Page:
Articles Tagged Making Films

Mix Master

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Marcelo Zarvos is scoring big in the independent film world these days. The thirty-five-year old Brazilian-born Zarvos, who has made New York his home for the past twelve years, has composed music for a handful of independent films, including Tully (2000), Kissing Jessica Stein (2001), and this year’s The Door in the Floor—all award-winning and… Read more »

Can I do without professional sound editing?

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Dear Doc Doctor: Many people suggested that I add more narration and music to my documentary, which I did, but now other people are saying there is too much of both. How do I achieve the right balance between image and sound in documentary film? Before you figure out where others want you to be,… Read more »

The Sound of Gowns

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I knew Mira Nair’s Vanity Fair was going to be an interesting and challenging project. It was filmed with lots of attention to the visual details, and the sound of the Foley effects—naturalistic sounds recorded to match the action in a scene tracks—would need to be as audibly clean and meticulous as the film is… Read more »

Honolulu, Hawai’i

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Although the cinematic possibilities of Hawai’i—those that lay beyond the tropical tropes of tourism and military patriotism— have always been clear to local residents of the island, only recently has there been notable validation of that truth. The sudden abundance of studio work, a new school for multimedia, and the proliferation of local film festivals,… Read more »

The Talented Tenth

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While so many of Hollywood’s high-paid actors spend their paychecks on the kind of luxury items the rest of the world only comes in contact with on trashy celebrity television shows, some are emptying their bank accounts and charging up their credit cards like the rest of us—making movies. A rising group of thespians are… Read more »

Filming Fahrenheit 9/11

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Whoever said you have to be based out of New York or Los Angeles to be associated with the Palm d’Or-winning film at the Cannes Film Festival? Born and raised in Detroit, Michigan, I started a video production company fifteen years ago. Never in my wildest dreams did I think I would be the DP… Read more »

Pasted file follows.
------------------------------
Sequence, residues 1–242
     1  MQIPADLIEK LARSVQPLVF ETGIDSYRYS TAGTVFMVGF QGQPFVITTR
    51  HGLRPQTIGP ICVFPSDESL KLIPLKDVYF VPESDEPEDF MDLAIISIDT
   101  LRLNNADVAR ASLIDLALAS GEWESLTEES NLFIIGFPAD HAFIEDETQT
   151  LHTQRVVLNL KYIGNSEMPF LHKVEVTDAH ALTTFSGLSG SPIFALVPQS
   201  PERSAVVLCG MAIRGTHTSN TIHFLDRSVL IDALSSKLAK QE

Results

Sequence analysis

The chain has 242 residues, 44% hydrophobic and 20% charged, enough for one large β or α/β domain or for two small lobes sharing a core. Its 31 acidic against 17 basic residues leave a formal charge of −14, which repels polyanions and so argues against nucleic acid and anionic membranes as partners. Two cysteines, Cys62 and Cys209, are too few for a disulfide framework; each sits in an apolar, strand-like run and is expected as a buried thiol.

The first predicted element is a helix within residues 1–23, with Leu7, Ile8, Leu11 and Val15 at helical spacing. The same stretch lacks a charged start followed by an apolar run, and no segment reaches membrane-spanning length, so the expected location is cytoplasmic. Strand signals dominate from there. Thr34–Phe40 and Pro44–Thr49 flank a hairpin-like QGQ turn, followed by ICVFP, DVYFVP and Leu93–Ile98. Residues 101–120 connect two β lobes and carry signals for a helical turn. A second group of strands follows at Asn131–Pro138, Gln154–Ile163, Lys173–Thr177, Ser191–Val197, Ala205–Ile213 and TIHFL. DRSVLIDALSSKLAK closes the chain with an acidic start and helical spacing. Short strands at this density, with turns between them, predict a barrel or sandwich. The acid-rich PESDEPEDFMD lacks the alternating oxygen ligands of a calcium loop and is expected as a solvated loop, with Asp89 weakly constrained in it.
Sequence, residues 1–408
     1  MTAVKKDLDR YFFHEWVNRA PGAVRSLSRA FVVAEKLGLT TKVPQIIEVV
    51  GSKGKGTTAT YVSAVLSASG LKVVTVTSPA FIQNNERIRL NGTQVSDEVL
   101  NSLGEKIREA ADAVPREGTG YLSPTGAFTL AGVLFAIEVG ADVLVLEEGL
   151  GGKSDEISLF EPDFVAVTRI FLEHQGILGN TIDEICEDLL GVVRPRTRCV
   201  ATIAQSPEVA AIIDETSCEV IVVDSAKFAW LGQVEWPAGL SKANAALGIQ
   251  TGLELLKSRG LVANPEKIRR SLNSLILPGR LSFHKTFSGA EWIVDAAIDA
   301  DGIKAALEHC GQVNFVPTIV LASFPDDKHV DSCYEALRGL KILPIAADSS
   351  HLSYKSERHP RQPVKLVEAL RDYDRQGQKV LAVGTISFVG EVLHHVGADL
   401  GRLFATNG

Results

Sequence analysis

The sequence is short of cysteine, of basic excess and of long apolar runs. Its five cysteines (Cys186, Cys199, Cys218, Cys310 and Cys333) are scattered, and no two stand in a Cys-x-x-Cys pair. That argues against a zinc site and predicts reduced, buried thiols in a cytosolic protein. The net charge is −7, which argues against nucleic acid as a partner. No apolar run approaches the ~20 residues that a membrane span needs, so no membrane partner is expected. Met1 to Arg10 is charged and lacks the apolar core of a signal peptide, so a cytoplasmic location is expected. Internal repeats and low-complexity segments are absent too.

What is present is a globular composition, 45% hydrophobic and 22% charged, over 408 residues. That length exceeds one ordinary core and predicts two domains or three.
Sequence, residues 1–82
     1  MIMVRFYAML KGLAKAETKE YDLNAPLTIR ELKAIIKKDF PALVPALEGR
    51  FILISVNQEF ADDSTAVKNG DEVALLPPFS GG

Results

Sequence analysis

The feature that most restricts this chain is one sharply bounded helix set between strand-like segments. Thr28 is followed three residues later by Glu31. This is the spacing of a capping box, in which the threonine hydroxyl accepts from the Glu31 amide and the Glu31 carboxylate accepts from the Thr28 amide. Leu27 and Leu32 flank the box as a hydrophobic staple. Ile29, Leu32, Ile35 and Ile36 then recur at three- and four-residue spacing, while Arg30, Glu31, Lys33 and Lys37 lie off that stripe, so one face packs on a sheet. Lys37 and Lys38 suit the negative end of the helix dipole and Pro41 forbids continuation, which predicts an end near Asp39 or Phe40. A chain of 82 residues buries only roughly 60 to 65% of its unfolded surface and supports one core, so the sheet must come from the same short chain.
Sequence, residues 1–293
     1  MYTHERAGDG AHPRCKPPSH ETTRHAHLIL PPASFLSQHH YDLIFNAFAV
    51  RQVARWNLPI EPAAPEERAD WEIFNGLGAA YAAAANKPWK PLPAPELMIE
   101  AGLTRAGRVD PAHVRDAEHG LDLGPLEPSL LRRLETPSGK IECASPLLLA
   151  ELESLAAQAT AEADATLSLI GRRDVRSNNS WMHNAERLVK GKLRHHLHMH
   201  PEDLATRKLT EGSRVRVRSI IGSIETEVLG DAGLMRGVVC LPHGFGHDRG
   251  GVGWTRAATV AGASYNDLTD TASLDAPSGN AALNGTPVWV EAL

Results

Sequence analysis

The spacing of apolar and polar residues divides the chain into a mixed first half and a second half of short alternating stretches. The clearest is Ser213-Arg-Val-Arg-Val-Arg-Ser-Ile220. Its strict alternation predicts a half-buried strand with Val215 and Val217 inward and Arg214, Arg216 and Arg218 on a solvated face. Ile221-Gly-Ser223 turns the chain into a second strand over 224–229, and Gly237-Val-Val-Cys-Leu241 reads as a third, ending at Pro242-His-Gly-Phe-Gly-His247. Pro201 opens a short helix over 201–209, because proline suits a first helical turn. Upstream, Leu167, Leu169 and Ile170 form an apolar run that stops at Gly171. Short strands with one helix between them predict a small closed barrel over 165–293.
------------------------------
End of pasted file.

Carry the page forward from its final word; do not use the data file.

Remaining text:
Shadowing a Sibling

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Sometimes you think you don’t need any help, that you can do it on your own. That’s exactly what I was thinking before I started shooting my new feature, Ur4Given. I should have known better. I had a Sony PD-150 given to me by my brother Spike (yes, Spike Lee) and some tape stock. I… Read more »

Where Are We Going?

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The question on everyone’s mind is, Will it last? Documentaries are the hot cultural phenomenon at the moment, and in a society where change is tantamount to breathing, one cannot help wondering if the next “it” thing will simply overtake their sudden and ubiquitous popularity. This is a discouraging thought, as documentaries have a value… Read more »

Mind the Gap

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Although “development hell” is the norm for most independent filmmakers, the experience of Jonathan Caouette stands apart. The thirty-two-year old Caouette spent almost twenty years making Tarnation, his first feature-length documentary, which went from being a $218.32 home video project edited on iMovie, to a $400,000 theatrical release that will open this fall. Tarnation first… Read more »

You Are Here

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Jonas Mekas used his camera to survive. When Mekas, the founder of the Film-Maker’s Co-Op, emigrated from Lithuania to New York City in 1949 after having endured the brutality of the concentration camps, he immediately began to make home movies. In Lost, Lost, Lost, Mekas’s home movie diaries from 1949 to 1963, his voice hovers… Read more »